The World Bank has mobilized an emergency finance package of over $700 million for war-torn Ukraine as the Russian offensive continues unabated. In a statement issued by the global financial body, it said, “The World Bank Board of Executive Directors today approved a supplementary budget support package for Ukraine, called Financing of Recovery from Economic Emergency in Ukraine – or FREE Ukraine – for $489 million.
The package approved by the Board consists of a supplemental loan of $350 million and guarantees of $139 million and is also mobilizing financing of $134 million and parallel financing of $100 million, resulting in total mobilized support of $723 million.”
They added, “The fast-disbursing support will help the government provide critical services to Ukrainian people, including wages for hospital workers, pensions for the elderly, and social programs for the vulnerable.”
With guarantees from the Netherlands for 80 million euros ($89 million equivalent) and Sweden for $50 million, the World Bank’s original contribution was enhanced. The World Bank has also established a multi-donor trust fund (MDTF) to enable the channelling of grant resources from donors to Ukraine, with contributions totalling $134 million so far from the United Kingdom, Denmark, Latvia, Lithuania, and Iceland. The World Bank has requested further grant of payments to the MDTF. In addition, Japan is tying the help with a package to a $100 million parallel finance deal.
This included grants by the UK to the tune of $100 million, Denmark to the tune of $22 million, and $12 million by Ukraine’s neighbours Latvia, Lithuania, and Iceland.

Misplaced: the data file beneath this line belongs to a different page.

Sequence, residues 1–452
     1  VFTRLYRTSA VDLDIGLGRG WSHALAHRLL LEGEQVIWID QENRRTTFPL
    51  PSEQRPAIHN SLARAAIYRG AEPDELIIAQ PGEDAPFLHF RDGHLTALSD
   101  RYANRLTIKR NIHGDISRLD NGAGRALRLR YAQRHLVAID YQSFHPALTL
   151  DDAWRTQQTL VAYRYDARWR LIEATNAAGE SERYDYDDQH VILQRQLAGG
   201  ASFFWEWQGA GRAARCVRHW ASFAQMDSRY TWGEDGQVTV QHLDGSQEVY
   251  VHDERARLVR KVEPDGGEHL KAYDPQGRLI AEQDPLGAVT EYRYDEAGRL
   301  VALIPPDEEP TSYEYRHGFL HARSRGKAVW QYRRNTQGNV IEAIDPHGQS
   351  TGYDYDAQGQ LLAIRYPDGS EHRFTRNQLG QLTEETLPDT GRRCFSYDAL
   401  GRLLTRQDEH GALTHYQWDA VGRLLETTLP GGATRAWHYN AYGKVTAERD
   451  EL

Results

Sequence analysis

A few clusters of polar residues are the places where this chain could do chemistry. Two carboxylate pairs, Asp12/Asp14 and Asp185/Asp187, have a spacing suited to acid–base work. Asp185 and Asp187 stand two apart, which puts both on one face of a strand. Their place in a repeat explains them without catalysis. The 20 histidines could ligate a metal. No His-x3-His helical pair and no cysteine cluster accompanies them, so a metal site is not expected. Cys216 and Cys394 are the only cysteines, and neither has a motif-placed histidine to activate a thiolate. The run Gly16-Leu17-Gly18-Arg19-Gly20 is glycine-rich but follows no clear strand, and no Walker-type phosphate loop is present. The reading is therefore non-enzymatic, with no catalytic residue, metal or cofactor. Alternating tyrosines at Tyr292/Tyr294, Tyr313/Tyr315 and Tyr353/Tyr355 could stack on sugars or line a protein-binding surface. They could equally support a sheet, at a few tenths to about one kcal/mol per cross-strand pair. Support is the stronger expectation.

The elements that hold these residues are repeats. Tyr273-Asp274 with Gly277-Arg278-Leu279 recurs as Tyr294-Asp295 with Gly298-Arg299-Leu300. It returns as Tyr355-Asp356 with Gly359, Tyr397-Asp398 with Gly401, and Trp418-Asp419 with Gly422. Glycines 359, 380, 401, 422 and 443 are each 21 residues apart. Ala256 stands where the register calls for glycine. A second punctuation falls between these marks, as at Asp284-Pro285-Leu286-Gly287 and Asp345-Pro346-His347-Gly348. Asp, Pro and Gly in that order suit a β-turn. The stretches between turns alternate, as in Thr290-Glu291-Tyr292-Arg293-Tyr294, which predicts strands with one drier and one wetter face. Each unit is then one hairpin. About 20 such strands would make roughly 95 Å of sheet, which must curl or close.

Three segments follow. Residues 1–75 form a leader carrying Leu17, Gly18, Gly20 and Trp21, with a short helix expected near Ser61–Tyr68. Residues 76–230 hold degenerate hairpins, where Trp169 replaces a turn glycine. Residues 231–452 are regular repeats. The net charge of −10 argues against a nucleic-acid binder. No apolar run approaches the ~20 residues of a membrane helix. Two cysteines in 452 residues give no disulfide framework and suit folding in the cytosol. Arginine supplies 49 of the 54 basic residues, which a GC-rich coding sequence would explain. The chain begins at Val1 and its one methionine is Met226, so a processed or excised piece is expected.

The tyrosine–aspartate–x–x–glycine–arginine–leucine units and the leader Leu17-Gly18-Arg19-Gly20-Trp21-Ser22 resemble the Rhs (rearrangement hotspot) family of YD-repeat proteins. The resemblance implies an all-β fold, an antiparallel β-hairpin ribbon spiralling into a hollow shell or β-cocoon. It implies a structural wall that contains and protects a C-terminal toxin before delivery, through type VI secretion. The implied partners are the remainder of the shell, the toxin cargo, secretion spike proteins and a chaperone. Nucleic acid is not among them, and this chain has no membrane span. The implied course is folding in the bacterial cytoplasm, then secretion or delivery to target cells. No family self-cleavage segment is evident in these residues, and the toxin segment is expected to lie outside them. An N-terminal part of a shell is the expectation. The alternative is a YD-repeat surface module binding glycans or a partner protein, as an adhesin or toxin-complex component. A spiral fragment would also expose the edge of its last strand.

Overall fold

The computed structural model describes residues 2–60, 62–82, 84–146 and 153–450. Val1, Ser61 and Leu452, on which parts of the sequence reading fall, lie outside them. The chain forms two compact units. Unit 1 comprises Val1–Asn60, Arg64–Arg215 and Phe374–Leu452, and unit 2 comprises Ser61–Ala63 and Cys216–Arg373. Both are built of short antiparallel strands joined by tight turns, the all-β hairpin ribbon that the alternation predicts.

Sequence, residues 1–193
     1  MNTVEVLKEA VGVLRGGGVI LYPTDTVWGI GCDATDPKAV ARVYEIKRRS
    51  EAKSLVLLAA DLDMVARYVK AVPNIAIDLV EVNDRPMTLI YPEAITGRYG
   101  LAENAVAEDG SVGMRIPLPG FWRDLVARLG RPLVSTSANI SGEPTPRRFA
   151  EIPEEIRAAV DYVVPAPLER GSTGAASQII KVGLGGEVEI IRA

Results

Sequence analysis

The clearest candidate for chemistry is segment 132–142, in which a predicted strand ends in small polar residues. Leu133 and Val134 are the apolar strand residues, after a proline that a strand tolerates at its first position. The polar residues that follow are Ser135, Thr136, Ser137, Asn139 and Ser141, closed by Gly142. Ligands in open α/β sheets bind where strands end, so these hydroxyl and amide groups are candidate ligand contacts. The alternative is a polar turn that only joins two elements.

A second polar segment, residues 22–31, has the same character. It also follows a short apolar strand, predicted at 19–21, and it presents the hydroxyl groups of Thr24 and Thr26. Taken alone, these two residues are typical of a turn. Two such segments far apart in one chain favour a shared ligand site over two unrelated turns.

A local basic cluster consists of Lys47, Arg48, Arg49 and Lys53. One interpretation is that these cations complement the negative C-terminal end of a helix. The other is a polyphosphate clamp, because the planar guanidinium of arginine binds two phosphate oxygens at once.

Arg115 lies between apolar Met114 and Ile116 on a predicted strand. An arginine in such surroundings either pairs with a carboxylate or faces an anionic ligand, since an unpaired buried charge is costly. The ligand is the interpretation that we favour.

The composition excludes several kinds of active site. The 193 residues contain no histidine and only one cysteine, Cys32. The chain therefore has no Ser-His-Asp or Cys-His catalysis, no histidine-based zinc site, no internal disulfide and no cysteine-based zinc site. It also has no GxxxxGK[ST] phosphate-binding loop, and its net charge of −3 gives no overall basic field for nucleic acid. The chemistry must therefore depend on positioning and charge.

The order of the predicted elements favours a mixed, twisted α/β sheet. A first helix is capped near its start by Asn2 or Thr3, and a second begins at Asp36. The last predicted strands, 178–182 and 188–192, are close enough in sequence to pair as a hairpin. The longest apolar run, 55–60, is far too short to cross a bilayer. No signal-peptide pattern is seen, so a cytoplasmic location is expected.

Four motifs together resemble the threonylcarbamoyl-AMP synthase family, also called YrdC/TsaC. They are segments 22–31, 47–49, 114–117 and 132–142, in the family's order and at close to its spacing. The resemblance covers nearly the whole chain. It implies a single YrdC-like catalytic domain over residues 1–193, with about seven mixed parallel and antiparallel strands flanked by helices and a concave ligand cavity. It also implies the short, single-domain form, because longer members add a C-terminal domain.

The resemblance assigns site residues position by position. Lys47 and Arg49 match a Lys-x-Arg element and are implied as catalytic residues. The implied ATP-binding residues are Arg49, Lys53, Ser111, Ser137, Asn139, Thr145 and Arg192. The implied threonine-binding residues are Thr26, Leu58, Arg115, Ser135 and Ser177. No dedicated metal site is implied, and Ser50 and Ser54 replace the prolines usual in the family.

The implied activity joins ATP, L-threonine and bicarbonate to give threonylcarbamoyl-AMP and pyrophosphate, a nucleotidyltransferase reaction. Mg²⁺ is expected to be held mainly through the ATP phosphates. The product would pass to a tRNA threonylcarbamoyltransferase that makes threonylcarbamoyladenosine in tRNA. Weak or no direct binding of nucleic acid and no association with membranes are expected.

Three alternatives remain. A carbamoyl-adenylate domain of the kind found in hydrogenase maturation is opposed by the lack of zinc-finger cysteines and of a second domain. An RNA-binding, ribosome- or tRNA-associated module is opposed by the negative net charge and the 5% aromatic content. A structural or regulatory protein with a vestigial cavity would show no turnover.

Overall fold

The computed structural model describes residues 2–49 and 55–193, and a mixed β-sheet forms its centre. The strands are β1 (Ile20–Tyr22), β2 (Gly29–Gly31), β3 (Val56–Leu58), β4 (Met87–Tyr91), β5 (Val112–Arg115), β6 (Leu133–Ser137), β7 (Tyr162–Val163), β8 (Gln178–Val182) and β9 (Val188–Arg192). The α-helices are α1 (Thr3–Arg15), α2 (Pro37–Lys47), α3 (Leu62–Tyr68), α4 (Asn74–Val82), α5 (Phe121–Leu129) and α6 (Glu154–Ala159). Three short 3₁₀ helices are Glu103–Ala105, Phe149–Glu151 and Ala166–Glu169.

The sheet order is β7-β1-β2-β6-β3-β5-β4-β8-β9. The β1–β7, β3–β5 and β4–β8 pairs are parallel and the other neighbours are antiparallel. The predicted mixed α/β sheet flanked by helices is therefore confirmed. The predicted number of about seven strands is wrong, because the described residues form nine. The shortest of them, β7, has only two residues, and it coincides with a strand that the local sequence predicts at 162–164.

The World Bank noted that since the Russian aggression, which started on February 24, 1.7 million Ukrainians – primarily women, children, and elderly – have fled to neighbouring countries.
According to UNICEF, the first bunch of UNICEF humanitarian aid reached Lviv, western Ukraine, from UNICEF’s Global Supply and Logistics Hub in Copenhagen on March 5. “The situation for children and families in Ukraine is increasingly desperate,” said Murat Sahin, UNICEF representative in Ukraine. “These supplies will help provide much-needed support to women, children, and health care workers,” he added.
The supplies include personal protective equipment to protect health workers from COVID-19 as they respond to the critical health needs of children and families, as well as desperately needed medical supplies, including medicine, first aid kits, midwifery kits, surgical equipment, and early childhood and recreational kits.